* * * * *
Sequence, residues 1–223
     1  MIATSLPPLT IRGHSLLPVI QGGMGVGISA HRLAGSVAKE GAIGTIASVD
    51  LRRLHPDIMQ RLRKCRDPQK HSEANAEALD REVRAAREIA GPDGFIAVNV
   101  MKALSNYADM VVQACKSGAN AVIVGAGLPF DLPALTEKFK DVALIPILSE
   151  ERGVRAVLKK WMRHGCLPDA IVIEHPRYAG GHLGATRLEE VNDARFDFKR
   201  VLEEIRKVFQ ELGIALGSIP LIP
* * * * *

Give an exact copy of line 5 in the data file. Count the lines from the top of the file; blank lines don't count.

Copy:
   151  ERGVRAVLKK WMRHGCLPDA IVIEHPRYAG GHLGATRLEE VNDARFDFKR